Friday evening saw Kate visit one last tourist stop in San Francisco – the Stinking Rose restaurant where all of the food is made with garlic. Lots of garlic. Possibly more garlic than Charly enjoyed having to sit next to Kate on the long plane journey home.
The overwhelming feeling between us was that the week was a great experience, perhaps simply because of the sheer size of everything. With a poster hall the size of a large aircraft hanger and three enormous buildings all hosting talks, you can’t help but meet some new people with shared interests and bump into lots of old friends. Every other conference will seem small after this.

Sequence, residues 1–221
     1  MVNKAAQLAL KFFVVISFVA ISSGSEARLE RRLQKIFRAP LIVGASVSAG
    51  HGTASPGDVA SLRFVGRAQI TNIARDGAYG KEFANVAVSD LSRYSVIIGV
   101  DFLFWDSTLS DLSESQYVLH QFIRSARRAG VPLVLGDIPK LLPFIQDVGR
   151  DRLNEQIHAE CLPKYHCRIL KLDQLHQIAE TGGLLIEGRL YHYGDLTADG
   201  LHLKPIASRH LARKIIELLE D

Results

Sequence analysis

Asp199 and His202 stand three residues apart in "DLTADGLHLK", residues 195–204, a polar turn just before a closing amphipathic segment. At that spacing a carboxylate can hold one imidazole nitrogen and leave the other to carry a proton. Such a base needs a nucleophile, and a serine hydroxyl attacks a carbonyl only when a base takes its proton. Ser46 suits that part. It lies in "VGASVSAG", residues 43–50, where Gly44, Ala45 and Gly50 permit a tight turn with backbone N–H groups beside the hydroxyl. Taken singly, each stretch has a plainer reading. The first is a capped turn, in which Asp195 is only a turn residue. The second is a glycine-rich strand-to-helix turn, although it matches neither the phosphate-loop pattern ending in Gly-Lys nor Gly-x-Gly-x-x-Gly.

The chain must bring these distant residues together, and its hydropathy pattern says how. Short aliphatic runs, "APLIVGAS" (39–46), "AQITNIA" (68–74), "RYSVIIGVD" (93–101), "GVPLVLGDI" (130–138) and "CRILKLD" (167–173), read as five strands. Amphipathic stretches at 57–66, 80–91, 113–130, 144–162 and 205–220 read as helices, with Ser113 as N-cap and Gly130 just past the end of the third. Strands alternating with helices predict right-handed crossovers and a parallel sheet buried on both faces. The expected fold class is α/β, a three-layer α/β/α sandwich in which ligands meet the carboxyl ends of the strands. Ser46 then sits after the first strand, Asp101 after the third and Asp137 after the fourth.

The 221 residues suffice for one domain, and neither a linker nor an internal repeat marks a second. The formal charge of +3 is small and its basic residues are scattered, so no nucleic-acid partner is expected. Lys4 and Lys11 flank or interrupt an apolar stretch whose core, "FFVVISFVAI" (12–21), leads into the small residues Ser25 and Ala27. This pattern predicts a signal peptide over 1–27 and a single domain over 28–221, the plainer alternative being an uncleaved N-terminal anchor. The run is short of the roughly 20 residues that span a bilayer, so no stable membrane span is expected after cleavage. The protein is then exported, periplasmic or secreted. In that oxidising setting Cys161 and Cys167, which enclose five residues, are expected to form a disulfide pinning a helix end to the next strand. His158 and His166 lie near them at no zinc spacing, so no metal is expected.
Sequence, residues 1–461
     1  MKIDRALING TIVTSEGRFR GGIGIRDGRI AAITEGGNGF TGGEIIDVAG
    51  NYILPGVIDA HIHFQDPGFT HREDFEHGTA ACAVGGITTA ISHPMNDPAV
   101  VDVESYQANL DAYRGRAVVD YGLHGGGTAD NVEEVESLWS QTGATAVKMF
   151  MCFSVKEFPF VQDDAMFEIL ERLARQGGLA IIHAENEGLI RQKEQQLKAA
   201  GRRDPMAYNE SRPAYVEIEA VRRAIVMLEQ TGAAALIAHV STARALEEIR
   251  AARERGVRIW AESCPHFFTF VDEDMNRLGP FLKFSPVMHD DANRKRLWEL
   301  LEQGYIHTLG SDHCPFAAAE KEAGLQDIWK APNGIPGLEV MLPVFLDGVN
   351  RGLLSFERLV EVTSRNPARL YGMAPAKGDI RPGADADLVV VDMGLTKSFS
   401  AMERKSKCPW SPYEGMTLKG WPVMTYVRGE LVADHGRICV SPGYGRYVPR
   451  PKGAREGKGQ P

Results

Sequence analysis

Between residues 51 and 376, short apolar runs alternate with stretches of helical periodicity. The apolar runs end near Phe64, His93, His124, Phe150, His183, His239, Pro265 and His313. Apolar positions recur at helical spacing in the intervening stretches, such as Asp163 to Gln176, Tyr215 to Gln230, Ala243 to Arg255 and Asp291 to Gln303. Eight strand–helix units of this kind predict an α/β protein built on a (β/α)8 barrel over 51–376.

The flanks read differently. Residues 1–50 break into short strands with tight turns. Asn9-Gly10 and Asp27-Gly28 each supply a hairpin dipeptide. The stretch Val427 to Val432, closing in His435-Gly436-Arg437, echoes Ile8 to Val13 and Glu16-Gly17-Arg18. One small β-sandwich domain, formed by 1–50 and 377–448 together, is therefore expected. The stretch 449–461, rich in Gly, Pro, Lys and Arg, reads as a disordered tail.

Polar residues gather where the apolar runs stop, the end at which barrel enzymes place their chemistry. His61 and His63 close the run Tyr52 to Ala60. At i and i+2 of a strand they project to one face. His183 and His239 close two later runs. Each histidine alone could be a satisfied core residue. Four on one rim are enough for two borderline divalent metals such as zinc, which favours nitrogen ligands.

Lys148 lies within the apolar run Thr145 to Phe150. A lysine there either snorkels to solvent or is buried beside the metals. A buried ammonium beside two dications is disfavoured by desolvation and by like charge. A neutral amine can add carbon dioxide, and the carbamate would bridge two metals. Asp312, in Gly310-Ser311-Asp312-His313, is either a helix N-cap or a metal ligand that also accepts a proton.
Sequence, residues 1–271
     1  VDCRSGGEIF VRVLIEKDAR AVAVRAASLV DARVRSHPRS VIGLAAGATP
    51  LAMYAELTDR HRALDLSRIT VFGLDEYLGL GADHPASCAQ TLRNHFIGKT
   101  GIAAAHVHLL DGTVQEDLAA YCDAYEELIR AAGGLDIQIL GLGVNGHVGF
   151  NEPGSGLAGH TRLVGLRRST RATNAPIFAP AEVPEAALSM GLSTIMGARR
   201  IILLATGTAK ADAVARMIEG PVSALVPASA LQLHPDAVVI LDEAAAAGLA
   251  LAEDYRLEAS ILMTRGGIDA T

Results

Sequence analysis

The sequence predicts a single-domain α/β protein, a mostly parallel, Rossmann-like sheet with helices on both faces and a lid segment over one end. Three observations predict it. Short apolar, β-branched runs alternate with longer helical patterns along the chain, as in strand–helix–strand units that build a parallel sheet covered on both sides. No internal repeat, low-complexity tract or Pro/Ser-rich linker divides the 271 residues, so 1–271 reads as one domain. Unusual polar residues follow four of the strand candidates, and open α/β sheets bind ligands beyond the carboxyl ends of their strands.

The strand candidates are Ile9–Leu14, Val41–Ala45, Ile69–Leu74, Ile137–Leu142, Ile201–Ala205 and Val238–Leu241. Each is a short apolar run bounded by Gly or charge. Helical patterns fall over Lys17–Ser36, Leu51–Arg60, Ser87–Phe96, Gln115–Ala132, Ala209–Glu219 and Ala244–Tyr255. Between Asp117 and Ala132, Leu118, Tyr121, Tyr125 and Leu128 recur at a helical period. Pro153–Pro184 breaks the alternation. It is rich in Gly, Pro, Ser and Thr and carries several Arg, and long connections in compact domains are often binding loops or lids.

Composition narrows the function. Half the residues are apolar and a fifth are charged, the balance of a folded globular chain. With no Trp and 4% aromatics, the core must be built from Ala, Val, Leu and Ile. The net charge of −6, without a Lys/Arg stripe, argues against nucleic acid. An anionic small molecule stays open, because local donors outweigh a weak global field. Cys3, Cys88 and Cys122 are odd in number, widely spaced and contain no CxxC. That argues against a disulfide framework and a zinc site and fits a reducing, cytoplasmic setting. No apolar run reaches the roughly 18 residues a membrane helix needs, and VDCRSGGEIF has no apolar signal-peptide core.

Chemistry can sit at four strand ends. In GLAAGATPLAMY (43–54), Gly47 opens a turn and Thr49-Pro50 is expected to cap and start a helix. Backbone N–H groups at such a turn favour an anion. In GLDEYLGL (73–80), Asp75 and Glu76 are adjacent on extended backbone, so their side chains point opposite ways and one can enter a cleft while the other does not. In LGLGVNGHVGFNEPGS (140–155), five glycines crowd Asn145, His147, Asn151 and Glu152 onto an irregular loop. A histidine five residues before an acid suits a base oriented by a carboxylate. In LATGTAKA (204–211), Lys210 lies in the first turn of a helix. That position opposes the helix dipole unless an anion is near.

Our AGU in numbers
- Number of Californian wines tasted: Kate – 19, Charly – 1
- Local beers tried – Kate – 5, Charly – 5
- 8am talks attended: Kate – 2, Charly – 1
- Pounds gained from eating American food – we’re not telling, but too many for before Christmas
- Dollars spent – many $$$
- Severe bouts of academic FOMO (fear of missing out) – lots
- Number of times we wished we could have a proper cup of tea – innumerable